In Lewis, we confirmed that under controlling circuit precedent, the definition of “crime of violence” under section 4B1.2(a) includes the variants described in Application Note 1 to that section. See 963 F.3d at 22–23; see also United States v. Nieves-Borrero, 856 F.3d 5, 9 (1st Cir. 2017); United States v. Piper, 35 F.3d 611, 617–19 (1st Cir. 1994); United States v. Fiore, 983 F.2d 1, 2–4 (1st Cir. 1992). Those variants include “aiding and abetting.” U.S.S.G. § 4B1.2, cmt. n.1. We therefore agree with the government, on de novo review, that Maldonado cannot avoid application of the career-offender guideline by arguing that Application Note 1 impermissibly expands the definition of “crime of violence” under section 4B1.2(a).

In Capelton, we found that, despite different language employed at different times, Massachusetts joint venture liability has since at least 1979 effectively required a showing of mens rea no different from the aiding and abetting liability referred to in Application Note 1 to section 4B1.2(a). See 966 F.3d at 6–10 (reviewing decades of Massachusetts caselaw). As such, we agree with the government that the district court erred to the extent that it concluded otherwise.

Maldonado argues that we must nevertheless affirm because the government never argued before the district court that the two respective mens rea requirements were the same. Rather, the government argued that the two were “not that far [apart],” given that Massachusetts joint venture law in 2007 required proof of the defendant's willingness to assist the principal in committing the crime. Therefore, contends Maldonado, the government's appeal on this issue is subject to only plain error review.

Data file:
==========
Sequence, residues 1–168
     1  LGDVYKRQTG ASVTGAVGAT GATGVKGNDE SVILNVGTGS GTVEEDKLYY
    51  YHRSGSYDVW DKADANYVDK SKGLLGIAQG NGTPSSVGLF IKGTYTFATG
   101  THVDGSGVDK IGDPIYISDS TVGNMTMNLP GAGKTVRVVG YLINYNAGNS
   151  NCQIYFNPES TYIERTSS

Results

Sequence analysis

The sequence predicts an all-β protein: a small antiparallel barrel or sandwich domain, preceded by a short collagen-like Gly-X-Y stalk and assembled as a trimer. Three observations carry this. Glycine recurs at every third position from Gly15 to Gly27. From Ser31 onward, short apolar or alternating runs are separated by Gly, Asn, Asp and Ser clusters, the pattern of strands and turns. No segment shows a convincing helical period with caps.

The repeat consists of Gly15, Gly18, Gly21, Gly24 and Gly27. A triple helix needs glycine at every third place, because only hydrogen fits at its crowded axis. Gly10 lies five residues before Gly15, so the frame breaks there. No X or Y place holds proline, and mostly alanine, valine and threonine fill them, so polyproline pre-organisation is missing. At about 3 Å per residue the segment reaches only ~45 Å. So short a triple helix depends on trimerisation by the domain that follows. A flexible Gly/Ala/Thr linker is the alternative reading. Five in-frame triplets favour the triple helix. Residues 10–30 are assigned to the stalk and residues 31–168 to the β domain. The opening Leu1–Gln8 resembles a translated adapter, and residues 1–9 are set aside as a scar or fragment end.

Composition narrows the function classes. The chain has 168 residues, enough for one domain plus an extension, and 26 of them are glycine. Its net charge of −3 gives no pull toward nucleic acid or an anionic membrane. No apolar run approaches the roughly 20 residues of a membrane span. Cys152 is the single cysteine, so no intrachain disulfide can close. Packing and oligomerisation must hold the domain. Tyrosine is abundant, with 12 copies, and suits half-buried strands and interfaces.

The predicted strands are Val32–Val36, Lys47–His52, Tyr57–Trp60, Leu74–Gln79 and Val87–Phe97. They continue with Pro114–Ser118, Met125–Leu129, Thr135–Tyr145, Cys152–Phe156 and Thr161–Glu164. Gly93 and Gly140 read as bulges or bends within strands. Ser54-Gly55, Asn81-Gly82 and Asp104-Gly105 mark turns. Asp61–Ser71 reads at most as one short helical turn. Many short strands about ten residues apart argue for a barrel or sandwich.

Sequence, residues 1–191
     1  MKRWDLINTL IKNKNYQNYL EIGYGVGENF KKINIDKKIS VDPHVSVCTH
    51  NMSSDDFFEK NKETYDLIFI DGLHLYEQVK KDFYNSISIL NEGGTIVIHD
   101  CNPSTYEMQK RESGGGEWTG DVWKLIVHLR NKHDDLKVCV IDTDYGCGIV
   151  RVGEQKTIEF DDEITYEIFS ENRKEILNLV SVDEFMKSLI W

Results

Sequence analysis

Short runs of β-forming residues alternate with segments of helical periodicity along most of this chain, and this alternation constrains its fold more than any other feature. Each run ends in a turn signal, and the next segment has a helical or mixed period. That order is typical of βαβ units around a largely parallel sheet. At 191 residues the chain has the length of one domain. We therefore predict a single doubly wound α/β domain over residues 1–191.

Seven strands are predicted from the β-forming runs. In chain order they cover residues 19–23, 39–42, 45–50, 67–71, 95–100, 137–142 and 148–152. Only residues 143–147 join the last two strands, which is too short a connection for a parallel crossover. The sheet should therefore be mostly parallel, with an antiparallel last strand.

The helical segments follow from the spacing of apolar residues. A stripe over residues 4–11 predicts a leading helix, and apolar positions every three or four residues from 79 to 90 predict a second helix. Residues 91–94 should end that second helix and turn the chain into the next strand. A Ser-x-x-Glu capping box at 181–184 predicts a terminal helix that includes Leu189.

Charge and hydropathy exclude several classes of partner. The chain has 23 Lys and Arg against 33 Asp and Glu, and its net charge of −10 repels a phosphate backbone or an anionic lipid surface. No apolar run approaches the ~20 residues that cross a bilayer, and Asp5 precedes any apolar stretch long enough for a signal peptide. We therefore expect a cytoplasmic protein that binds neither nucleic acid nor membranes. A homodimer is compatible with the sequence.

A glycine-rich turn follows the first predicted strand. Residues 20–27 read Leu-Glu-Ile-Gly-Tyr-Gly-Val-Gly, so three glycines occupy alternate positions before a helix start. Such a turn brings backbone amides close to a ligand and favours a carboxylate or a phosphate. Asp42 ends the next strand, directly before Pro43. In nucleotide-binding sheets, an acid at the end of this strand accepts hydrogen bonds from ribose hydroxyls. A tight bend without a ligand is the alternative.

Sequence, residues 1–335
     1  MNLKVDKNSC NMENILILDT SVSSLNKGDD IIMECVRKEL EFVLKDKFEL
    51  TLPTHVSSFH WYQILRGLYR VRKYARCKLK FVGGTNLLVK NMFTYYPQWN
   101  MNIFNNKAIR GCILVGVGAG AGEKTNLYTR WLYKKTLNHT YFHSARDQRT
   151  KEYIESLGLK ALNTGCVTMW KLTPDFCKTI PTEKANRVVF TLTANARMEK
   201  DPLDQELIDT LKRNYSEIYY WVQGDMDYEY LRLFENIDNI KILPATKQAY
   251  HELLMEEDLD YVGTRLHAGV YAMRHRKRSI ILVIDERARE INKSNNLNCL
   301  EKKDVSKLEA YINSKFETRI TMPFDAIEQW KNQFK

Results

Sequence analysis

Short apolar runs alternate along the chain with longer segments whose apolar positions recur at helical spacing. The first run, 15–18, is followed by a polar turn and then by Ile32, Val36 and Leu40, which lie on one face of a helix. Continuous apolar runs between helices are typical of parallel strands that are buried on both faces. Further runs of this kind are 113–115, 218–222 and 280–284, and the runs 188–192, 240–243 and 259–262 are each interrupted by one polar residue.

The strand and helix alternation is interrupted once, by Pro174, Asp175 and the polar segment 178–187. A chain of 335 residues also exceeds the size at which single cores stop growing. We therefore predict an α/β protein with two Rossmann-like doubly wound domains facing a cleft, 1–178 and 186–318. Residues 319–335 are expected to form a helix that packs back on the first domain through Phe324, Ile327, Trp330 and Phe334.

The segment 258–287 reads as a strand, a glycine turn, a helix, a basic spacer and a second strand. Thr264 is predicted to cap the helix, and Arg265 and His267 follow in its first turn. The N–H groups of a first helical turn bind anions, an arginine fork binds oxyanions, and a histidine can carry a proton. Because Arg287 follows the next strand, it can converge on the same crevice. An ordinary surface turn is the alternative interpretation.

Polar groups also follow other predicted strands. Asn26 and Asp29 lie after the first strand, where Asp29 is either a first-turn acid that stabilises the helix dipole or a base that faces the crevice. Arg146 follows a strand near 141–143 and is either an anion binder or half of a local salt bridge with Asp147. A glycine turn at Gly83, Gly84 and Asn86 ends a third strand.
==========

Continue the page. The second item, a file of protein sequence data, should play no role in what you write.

Even were we to narrowly construe the government's preserved “not that far apart” argument, de novo review of that argument would lead us to ask what differences exist between the two mens rea formulations, and whether any differences are relevant to designating Maldonado's conviction as a crime of violence under the Guidelines. That in turn would lead us right back to the answer given in Capelton: Although the language differs, the two mens rea formulations effectively require the same showing of shared intent. 966 F.3d at 10. So a finding of forfeiture by the government would not in the end preserve Maldonado's victory -- rather, it would simply require the government to pursue a more circuitous route. All in all, it makes more sense to put the case on a direct path as now marked out by Capelton.

We therefore vacate the sentence and remand for resentencing in accord with this opinion. While this will call for a new calculation of the Guidelines sentencing range, nothing in this opinion otherwise limits in any way the district court's customary discretion in setting a just and appropriate sentence.

KAYATTA, Circuit Judge.